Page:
COVER: David Copperfield, In Conversation
By Stan Allen
He is forthcoming, candid, funny, thought-provoking, self-effacing, and entertaining. He is David Copperfield, and he was interviewed live in front of hundreds of magicians this past July at the Society of American Magicians national convention in Las Vegas.
By Joseph Atmore
Joseph Dunninger returned to the airwaves in the summer of 1955, after a six-year absence from television, to star in The Dunninger Show. The format was very similar to Dunninger's highly rated 1940s radio shows, which included audience readings, Brain Busters with celebrities and, on occasion, thought projections. Because it was a replacement series with a small number of episodes, little value was placed on preserving the original 16mm films or even the scripts. Only a few episodes of this series and the follow-up 1956 series remain in existence. However, by some incredible luck, and the generosity of Uri Geller, I can now bring you The Dunninger Show, August 6, 1955, with some possible explanations for how the star accomplished his mental miracles.
Marvin Berglas: Magician and Entrepreneur
By Alan Howard
With the family name of Berglas, one could assume that at least one member of the next generation might become a magician. It seems almost a certainty when one learns that the first and middle names of Marvin Roy Berglas also came from a famed conjuror. And yet, Marvin's story is not one of following in his father's footsteps. It's about carving his own niche as a self-made entrepreneur — the creator of Marvin's Magic, which celebrates its 25th anniversary at the end of this month.
By Jaq Greenspan
Visiting Kyle and Mistie Knight at the office requires a federal documentation check and fleet approval, but it's worth it. Right now, the summer of 2012, that office is on board the Royal Caribbean International cruise liner Jewel of the Seas, which has been making its way around the Baltic Sea all summer. And Knight Magic, Kyle and Mistie's headlining magic show, has been one of the most talked-about pieces of shipboard entertainment. They just signed an almost unheard of year-long contract with Disney, which will see them doing more shows and yet allow them more time back in Las Vegas to settle into their new home.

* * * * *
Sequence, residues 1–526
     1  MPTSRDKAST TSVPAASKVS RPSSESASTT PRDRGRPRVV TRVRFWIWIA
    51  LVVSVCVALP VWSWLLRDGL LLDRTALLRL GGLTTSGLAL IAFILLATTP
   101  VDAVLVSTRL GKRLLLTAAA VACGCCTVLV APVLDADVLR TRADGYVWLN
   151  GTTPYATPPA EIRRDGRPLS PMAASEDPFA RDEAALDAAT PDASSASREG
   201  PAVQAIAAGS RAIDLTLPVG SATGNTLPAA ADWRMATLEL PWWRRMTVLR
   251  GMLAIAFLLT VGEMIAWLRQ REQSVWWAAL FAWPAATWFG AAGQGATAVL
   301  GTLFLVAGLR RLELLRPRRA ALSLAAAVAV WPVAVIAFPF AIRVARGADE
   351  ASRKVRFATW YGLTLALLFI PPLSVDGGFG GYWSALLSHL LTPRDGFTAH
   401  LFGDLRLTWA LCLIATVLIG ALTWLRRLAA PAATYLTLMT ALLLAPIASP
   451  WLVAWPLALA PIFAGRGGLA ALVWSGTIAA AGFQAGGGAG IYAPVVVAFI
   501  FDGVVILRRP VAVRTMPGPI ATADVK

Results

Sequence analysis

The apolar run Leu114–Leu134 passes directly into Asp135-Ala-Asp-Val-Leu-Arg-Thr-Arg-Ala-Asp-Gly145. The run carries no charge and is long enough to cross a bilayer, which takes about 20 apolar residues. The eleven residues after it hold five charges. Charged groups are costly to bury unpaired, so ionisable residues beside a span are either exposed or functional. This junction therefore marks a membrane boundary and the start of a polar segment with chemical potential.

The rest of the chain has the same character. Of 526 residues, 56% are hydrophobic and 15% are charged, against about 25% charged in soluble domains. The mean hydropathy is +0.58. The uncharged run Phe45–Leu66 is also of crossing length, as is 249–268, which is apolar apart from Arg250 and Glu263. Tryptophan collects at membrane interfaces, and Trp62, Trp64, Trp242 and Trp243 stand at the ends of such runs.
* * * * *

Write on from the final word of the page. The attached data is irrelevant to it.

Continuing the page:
By Rory Johnston
A secret gathering of the world's most famous magicians took place at the end of the 19th century. At least, that's the premise of the new theatrical magic show — featuring a group of eccentrics disemboweling, beheading, and chopping up people — now playing the 400-seat Friedrichsbau Varieté Theater in Stuttgart, Germany.
Magic Competition in Chicago
By Neil Tobin
With its polished wood floors, stained glass windows, and plantation-white walls framed by classical moldings, the Chicago Room of the Chicago History Museum seems transported from an elegant 19th century mansion. On a sunny afternoon in August, the room lent its air of dignity and importance to an unusual event in such a space: a contest among magicians.
Details on Hank Lee's sentencing, Jorge Blass' new "art of magic" show in Madrid, a New York eatery featuring a Three-Card Monte dessert, Fabrini's art exhibit in Germany, "Conventions at a Glance," and more.
Edited by Gabe Fajuri
Sixteen products are reviewed this month by Michael Claxton, Farrell Dillon, Peter Duffie, Gabe Fajuri, Jared Brandon Kopf, Francis Menotti:
iLoGo by Craig Squires
The Show Doctor by Jeff McBride and Larry Hass
Al Koran's Secrets by Graham Jolley
Ethereal by Iñaki Zabaletta
Quarterly Returns by David Eldridge
Dual Edge by Rus Andrews
The Amazing Harry Kellar, Great American Magician by Gail Jarrow
Inside Comedy with Paul Kozak
50 Tricks You Can Do, You Will Do, Easy to Do by W.F. Rufus Steele
Leaves from Conjurers' Scrapbooks by H.J. Burlingame
Sanchez Fly by David Gabbay
Subterfuge Magic System by Kenneth Sanders
Wings by Matthew Mello
Chardshark by Daniel Chard
David Penn's Bottle Production
A Material with Allan Ackerman
Talk About Tricks
Joshua JayThe Atfor Dilemma